With that money gone, Concordia plans not to buy anything new, and hopes all its old equipment keeps working. Maintenance costs will have to come out of the materials budget. In the meantime, Taylor is already working on getting the funding restored. “We are already talking to our legislators about the next budget,” she said. “We are going to work really hard to make the legislators understand how important it is in these rural areas because citizens depend on the public library. We’re going to hope for the Legislature to open their eyes to what we do every day.”
Libraries have drawn the attention of lawmakers faced with continually diminishing budgets. Pomona recently saw its public library threatened with closure. In New York City, $96 million in library cuts were proposed -- after a strong showing of public support, $90 million was restored.
A New Mexico woman was handcuffed and taken to jail this month for $35.98 in library fines. The Portales Public Library's records show that Lori Teel checked out Stephenie Meyer's book "Twilight" and a two-DVD set of "The Twilight Saga: New Moon" in 2010 and never returned them.
The overdue library fines led to a summons to appear in court; when Teel failed to do that, a warrant was issued for her arrest. Teel says she never got any notices, because they were sent to an old address and returned to the court, undeliverable.
Teel was arrested in front of her five children, ages 1 to 10. Police had been called to her home to investigate a disturbance when they discovered the warrant for Teel.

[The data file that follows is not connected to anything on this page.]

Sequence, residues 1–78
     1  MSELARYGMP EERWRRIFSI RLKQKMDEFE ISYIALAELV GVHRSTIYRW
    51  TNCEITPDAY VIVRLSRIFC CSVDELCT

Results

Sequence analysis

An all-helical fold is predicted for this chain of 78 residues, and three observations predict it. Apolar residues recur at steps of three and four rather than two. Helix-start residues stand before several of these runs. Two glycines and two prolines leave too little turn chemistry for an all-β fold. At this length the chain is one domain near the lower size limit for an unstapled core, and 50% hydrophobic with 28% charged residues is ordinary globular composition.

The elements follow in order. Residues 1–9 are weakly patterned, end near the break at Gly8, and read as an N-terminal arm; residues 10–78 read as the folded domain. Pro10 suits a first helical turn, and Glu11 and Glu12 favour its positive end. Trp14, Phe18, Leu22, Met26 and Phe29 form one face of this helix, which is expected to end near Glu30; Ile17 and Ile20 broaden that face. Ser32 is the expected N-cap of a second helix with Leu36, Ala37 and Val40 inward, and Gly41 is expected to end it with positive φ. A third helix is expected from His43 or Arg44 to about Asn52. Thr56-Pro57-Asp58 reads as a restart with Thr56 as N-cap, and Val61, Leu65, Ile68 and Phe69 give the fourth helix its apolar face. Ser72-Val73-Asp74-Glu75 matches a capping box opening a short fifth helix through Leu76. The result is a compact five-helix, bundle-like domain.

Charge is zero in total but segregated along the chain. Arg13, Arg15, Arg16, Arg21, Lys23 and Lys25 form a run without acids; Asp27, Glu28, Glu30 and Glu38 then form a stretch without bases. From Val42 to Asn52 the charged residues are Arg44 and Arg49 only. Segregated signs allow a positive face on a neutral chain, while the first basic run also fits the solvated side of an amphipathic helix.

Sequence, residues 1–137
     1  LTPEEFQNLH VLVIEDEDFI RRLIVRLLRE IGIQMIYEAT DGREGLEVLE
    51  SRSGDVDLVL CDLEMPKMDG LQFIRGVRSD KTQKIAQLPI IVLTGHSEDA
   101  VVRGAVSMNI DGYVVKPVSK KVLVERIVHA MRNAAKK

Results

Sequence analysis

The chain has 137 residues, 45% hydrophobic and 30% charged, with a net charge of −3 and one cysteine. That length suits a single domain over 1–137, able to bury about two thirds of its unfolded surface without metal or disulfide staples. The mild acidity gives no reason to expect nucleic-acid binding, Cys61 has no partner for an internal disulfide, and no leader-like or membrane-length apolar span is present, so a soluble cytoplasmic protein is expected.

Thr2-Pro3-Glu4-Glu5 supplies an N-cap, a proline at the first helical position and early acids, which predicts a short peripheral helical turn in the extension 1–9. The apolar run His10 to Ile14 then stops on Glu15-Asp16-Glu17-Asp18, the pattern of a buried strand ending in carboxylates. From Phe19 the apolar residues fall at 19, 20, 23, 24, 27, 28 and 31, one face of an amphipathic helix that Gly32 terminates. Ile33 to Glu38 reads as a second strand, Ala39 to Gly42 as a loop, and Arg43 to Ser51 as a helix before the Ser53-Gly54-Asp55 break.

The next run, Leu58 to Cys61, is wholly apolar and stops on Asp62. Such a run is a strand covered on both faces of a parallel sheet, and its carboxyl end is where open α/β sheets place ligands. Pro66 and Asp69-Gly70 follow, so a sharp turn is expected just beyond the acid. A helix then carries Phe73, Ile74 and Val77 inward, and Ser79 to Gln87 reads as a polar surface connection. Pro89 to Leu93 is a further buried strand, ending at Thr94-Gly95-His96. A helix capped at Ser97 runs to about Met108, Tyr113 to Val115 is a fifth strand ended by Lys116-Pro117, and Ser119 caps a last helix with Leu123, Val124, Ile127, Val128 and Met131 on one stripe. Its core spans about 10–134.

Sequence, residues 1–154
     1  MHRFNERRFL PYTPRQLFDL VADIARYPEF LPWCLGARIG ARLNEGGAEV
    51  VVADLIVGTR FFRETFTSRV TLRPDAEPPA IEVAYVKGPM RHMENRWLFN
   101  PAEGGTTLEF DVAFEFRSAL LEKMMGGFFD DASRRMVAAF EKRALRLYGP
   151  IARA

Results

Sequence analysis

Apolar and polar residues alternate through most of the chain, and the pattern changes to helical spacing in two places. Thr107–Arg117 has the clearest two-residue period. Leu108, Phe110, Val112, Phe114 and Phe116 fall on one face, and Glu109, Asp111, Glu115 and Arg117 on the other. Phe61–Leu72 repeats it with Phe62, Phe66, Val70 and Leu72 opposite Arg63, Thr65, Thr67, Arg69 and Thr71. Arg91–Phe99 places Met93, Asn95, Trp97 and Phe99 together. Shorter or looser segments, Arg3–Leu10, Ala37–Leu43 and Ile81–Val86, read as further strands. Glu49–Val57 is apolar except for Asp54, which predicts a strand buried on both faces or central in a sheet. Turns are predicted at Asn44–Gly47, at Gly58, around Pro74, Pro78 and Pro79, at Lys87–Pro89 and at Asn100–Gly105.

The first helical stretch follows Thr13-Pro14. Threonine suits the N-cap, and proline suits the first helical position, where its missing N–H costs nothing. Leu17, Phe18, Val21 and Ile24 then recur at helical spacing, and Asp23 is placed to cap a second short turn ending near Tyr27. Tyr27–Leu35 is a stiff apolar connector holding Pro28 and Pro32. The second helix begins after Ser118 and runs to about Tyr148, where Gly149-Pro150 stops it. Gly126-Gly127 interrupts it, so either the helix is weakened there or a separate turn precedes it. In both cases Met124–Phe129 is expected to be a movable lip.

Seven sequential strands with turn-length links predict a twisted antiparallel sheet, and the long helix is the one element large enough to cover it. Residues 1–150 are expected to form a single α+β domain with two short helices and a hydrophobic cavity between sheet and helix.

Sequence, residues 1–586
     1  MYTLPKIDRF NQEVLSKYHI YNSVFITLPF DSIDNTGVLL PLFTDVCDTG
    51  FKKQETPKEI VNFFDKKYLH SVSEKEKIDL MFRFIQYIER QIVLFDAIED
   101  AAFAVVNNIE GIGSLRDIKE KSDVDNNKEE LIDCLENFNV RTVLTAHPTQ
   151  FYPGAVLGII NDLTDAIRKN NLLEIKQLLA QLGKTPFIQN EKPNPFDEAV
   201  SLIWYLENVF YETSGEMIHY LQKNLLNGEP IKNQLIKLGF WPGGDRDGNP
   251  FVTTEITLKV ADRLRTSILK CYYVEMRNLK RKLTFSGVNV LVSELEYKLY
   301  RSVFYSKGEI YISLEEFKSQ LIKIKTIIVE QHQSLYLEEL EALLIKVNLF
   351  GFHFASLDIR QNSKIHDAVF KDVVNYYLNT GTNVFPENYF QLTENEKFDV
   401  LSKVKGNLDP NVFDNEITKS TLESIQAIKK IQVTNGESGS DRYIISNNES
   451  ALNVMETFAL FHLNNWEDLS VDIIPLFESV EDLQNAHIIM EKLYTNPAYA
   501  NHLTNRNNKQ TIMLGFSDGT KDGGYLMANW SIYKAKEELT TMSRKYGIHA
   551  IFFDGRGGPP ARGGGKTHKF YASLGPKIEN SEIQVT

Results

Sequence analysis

“Honestly, it was awful,” Teel said of the arrest and her night in the Roosevelt County Detention Center. “For me, it was very awful because I have never been in trouble for anything in my life.”
Her children, ages 1 to 10, stayed in a neighbor’s home until Teel was released the following morning on $610 bond.
“My kids are still very emotional,” Teel said. “They had to stay with a complete stranger. My 3-year-old is traumatized over it. She will not leave my side.”
Charges against Teel were dismissed Monday. Her lawyer has notified officials that she plans to file legal action for the arrest.
The Portales Public Library has replaced its copy of Stephenie Meyer's "Twilight," which is currently checked out. The fate of the copy that Teel had, as well as the movie, remains a mystery: She says she doesn't even remember checking them out of the library.
If Pomona's City Council had approved a proposed budget at its Monday meeting, the city's only public library would have been closed. Instead, it has recieved something of a reprieve.
The Pomona City Council passed a budget that will keep the library's doors open beyond August. That's when it was slated to be closed for a year to help meet a budget gap.
More than 40 speakers appeared at the meeting to show their support for the library, the Inland Valley Daily Bulletin reports. The names of 150 people opposed to the library's closure were read into the public record.